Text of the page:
The Government's tobacco control plan aimed at making England smoke free by the end of the decade has fallen almost 10 years behind schedule, according to a leading cancer charity.
Smoking rates have declined over recent years, reducing from 19.8% of adults in England in 2011 to 13% in 2021, meaning that around 5.4 million people still smoke.
In 2019, the Government set an objective for England to be smoke free by 2030, which was defined as bringing the proportion of smokers down to 5% or less of the population. But earlier this year, an independent review, led by Dr Javed Khan, found that without further measures, England would miss that smoke free target by 7 years.
A new analysis by Cancer Research UK (CRUK) said that a slowdown in progress meant that on current trends, the smoke free target would not be achieved until 2039.
New Smoking Action Plan Needed
The charity criticised the Government for failing to respond to recommendations for accelerating progress make by the Khan review, and called on England's Health Secretary, Steve Barclay, to publish a new plan for tobacco control. It said Mr Barclay had demonstrated support for decreasing the harm caused by smoking when he voted in favour of the 2015 ban on smoking in cars when children were passengers, and in backing the introduction of standard tobacco packaging in 2016.
Michelle Mitchell, chief executive of CRUK, said: "We urge Steve Barclay to continue his legacy of being bold with tobacco control to reduce the number of people getting and dying of smoking related cancers, relieve the pressure on the NHS, and save the country billions of pounds each year."
The charity said it remained concerned that although the proportion of smokers had fallen over time, smoking rates remained higher compared with the national average in young people aged between 18 and 21, and in the most deprived communities compared with the least deprived. There were almost twice as many cancer cases attributed to smoking in the poorest areas of the country compared with the wealthiest, it said.
Tackling Young Smokers
Key actions needed, according to CRUK, were measures to prevent young people from smoking, which should include a consultation on raising the legal age for buying cigarettes, and increasing funding for quit smoking services, with the money diverted from tobacco firm profits if necessary.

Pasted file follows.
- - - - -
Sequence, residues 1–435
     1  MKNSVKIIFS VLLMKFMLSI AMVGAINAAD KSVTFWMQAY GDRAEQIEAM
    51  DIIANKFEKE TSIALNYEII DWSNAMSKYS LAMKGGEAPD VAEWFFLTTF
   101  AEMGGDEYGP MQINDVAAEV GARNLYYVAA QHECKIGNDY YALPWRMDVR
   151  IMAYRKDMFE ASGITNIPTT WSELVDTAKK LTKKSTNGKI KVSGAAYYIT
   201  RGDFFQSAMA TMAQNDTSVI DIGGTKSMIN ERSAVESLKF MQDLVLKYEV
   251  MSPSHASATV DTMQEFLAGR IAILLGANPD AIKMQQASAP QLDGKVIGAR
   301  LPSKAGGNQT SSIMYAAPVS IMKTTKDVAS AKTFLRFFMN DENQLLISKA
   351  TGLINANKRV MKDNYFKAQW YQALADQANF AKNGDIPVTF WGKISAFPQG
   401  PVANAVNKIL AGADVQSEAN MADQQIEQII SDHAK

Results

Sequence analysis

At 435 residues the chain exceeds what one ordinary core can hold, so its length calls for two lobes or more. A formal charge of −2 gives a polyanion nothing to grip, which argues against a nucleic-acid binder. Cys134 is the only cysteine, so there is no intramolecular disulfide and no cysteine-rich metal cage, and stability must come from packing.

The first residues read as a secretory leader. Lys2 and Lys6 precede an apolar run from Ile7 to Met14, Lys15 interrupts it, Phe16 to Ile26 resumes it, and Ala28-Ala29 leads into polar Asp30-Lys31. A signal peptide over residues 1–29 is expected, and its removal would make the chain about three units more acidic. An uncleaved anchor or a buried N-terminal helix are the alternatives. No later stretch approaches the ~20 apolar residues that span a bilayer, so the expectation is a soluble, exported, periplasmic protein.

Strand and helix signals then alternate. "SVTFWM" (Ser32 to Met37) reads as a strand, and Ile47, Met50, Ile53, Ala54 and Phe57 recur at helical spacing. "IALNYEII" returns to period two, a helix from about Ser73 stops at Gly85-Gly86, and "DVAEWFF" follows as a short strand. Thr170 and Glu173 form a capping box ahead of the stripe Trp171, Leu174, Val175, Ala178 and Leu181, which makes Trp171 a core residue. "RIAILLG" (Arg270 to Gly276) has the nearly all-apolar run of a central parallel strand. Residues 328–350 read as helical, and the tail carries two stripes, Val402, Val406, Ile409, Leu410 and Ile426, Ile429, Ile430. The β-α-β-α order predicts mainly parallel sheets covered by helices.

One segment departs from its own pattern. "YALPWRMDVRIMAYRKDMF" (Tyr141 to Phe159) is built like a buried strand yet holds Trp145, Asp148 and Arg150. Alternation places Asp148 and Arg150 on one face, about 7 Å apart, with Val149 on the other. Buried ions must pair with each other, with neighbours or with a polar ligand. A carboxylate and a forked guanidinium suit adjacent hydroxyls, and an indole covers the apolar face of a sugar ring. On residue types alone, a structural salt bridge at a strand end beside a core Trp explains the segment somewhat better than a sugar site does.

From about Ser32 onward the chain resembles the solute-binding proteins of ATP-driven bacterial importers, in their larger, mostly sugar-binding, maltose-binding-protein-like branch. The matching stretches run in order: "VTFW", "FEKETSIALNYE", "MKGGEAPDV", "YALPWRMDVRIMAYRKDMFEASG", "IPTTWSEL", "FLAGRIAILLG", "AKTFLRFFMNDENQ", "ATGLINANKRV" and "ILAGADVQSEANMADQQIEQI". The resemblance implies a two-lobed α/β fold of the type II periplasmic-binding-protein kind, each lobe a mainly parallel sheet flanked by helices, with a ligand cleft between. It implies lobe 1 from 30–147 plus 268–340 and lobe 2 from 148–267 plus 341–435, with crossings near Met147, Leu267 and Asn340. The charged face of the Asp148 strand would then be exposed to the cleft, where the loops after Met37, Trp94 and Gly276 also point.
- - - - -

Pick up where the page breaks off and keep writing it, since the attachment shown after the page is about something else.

Its chief clinician, Prof Charles Swanton, said: "Quitting smoking is one of the most popular New Year's resolutions. But people are rarely successful on their own – they need support and the right tools to help them quit. Despite this, budgets for stop smoking services have been repeatedly cut, and access varies greatly across the country.
"If the Government is serious about a smokefree England, action to create an environment that makes it easier for people to live healthy lives will be key. It must take on board the recommendations from the Khan review and publish a plan to stop people from ever starting to smoke and help people quit."
The Khan review urged the Government to increase the age of sale of tobacco products from 18, by one year, every year "until no one can buy a tobacco product", and to devote additional funding of £125 million each year in smoke free policies, with a 'make the polluter pay' tobacco industry levy introduced if the money could not be found. It also called for the NHS to promote stop smoking advice and support at every interaction with patients, as well as promoting vaping as an alternative to smoking.
It is estimated that around 500,000 hospital admissions every year are attributable to the harm caused by tobacco, and that smoking costs the NHS £2.4 billion and social care £1.19 billion each year, CRUK said.
Next Steps 'in Due Course'
A Department of Health and Social Care spokesperson said: "The Government remains committed to its Smoke free ambition by 2030, and the action we are taking means smoking rates in England are at an all-time low.
"We continue to enforce strong regulations around the sale of cigarettes which help smokers to quit and protect future generations from starting this lethal addiction.
"We are currently considering the wide range of recommendations set out in the Khan Review and how best to take these forward – with next steps to be set out in due course."